Ferrer said that if the FDA does institute the yearly vaccine schedule, LA County will be prepared for the change, and will focus on making sure the annual vaccines are distributed equitably, safely, and rapidly to all residents, including those in underserved areas, and those who are homebound.

Some of this may become a bit more challenging, however, said Ferrer, because both state and federal-level emergency orders relating to COVID-19 are scheduled to end soon (the state order at the end of this month, and several federal orders in May).  And that means the federal government will no longer provide COVID-19 vaccinations, tests, and treatments for free, so affordability will depend on whether an individual is insured, and what kind of insurance they have. (Medicare and Medicaid will likely still be able to provide free or low cost vaccines, tests and treatments for people who participate in those programs, Ferrer said. But costs for the uninsured, or those insured through private companies, could vary widely.)

Ferrer also explained, however, that the LA County emergency declaration does not automatically expire when the state or federal orders expire, and that LA County is always free to set its own policies, based on local needs, which may be stricter than those implemented by the state or federal government.  So she said the LA County Supervisors, who set county policy, are now beginning to discuss whether or not to continue local protections such as the current eviction moratorium, and whether or not certain protective measures instituted during the emergency period over the last three years should be continued into the upcoming “non-emergency times.”  (Ferrer also noted that LA County is required to review its own emergency declaration every 30 days, so the health department has ongoing discussions with the Board of Supervisors to provide updates on our local conditions each month.  She also said that the department is not “lobbying” one way or another on the question of whether or not to continue the declaration, but is helping the the supervisors look at protections that might disappear after the state and federal orders expire, and how the county might continue some of those protections if they’re still deemed necessary.)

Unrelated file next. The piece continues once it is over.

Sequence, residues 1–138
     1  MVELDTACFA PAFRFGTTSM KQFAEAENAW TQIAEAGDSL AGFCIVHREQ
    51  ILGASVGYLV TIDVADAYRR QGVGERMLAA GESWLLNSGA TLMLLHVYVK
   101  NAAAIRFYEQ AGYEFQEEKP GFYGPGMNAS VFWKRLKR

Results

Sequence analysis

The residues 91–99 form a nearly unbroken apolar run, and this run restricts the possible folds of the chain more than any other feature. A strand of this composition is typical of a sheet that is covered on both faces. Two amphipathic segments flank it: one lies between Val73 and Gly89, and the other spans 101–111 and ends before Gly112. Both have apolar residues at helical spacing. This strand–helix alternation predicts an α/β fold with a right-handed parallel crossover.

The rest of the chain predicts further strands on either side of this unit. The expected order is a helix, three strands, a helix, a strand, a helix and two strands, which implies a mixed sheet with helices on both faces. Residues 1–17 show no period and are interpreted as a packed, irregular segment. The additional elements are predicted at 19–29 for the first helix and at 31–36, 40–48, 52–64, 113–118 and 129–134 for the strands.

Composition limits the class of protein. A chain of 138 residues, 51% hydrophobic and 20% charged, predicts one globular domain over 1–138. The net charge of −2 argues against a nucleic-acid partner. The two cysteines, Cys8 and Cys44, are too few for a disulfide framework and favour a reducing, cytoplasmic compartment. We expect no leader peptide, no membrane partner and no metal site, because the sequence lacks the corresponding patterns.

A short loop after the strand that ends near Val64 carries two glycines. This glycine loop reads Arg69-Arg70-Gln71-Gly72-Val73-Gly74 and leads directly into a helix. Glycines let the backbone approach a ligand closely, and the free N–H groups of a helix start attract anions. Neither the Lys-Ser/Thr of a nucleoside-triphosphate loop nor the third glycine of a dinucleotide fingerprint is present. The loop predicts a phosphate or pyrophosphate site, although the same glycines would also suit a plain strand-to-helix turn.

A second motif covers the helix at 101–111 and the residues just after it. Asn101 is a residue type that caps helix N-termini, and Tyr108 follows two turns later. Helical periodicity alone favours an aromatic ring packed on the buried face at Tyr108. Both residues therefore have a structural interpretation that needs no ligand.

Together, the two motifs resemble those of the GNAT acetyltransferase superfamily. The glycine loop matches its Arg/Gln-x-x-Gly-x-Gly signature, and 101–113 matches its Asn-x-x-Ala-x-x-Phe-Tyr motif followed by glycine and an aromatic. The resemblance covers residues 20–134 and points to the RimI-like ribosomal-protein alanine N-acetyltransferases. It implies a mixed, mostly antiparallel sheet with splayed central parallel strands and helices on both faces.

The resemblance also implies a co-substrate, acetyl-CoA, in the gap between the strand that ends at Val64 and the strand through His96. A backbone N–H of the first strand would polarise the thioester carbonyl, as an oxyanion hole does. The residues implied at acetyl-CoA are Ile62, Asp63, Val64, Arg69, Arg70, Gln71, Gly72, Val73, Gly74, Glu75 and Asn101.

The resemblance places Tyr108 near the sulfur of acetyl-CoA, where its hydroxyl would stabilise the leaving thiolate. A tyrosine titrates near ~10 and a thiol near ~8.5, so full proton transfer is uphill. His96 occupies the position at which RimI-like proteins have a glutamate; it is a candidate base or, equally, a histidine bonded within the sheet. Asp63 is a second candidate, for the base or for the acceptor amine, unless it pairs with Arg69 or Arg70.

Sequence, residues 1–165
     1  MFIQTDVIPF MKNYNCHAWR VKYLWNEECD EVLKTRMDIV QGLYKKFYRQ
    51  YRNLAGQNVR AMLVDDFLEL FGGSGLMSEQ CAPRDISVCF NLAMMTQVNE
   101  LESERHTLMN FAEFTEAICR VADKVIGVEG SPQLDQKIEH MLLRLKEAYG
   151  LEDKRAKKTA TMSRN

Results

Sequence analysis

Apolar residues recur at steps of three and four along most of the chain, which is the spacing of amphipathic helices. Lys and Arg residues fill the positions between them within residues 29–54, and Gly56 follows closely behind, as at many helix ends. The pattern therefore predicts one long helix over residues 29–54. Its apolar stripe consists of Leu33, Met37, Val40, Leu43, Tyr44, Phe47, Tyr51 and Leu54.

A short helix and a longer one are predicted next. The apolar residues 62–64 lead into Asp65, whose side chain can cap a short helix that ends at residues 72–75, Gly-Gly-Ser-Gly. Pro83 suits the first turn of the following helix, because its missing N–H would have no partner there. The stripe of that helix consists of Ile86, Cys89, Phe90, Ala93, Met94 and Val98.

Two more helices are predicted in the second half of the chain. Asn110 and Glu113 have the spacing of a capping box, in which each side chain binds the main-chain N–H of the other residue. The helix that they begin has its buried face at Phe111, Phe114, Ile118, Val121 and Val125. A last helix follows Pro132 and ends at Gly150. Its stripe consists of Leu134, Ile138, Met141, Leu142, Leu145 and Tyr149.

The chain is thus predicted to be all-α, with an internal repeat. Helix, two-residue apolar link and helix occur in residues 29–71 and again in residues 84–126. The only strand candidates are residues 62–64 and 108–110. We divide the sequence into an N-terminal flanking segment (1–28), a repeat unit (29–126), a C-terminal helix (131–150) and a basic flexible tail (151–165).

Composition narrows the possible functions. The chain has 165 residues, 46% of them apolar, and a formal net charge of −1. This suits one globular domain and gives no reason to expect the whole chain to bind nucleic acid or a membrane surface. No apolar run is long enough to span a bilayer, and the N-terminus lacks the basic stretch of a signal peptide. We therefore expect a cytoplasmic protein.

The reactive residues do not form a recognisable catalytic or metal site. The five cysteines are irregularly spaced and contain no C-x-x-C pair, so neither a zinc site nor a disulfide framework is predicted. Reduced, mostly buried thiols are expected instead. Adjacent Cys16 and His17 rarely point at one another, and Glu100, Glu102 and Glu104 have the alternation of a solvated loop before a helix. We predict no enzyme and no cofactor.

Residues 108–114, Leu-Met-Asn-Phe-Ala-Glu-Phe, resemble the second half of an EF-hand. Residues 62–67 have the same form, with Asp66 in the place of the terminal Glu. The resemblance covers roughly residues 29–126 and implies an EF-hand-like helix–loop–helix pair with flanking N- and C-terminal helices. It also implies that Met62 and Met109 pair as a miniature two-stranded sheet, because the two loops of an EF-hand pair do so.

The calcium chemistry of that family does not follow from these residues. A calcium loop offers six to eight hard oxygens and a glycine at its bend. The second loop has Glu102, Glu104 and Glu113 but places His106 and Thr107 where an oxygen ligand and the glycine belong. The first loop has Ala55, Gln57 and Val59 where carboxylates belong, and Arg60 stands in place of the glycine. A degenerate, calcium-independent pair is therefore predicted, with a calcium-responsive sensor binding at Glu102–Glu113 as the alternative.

“It’s a great relief to see that LA County remains in the low community level, and my hope is that we’re entering a new phase, with less devastation, less sever illness, and particularly, less death,” said Ferrer near the end of her remarks on Thursday.  “It’s important to acknowledge that the changes we’re seeing are a testament to the way residents have adapted, learned and continue to use the new tools and common sense protections when warranted.  Over the next few months, as emergency orders lift and new proposals are put into play, there will be a lot of information circulating.  Let’s not let go of what we have learned so far, so that we can continue to take advantage of the protections that are available, including the bivalent boosters, therapeutics, and our county resources.  And, most of all, because COVID-19 will continue to impact people long after it’s left the spotlight, let’s continue to care for each other.”

Finally, in answer to the question of whether the pandemic is over and we can now safely refer to COVID-19 as “endemic,” Ferrer explained that a “pandemic” is an official worldwide declaration made by the World Health Organization, which has not yet declared an end to the global COVID-19 pandemic.  Also, she reminded residents that even if there is no emergency declaration, the virus is still here, and “we will have people who will continue to have unfavorable outcomes if they don’t continue to have access vaccines, protections and therapeutics.”  But she also said things are looking good locally right now, and “Here in LA County, I feel very comfortable saying we’re in a new phase. Very comfortable.”


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Elizabeth Fuller
Elizabeth Fuller
Elizabeth Fuller was born and raised in Minneapolis, MN but has lived in LA since 1991 - with deep roots in both the Sycamore Square and West Adams Heights-Sugar Hill neighborhoods. She spent 10 years with the Greater Wilshire Neighborhood Council, volunteers at Wilshire Crest Elementary School, and has been writing for the Buzz since 2015.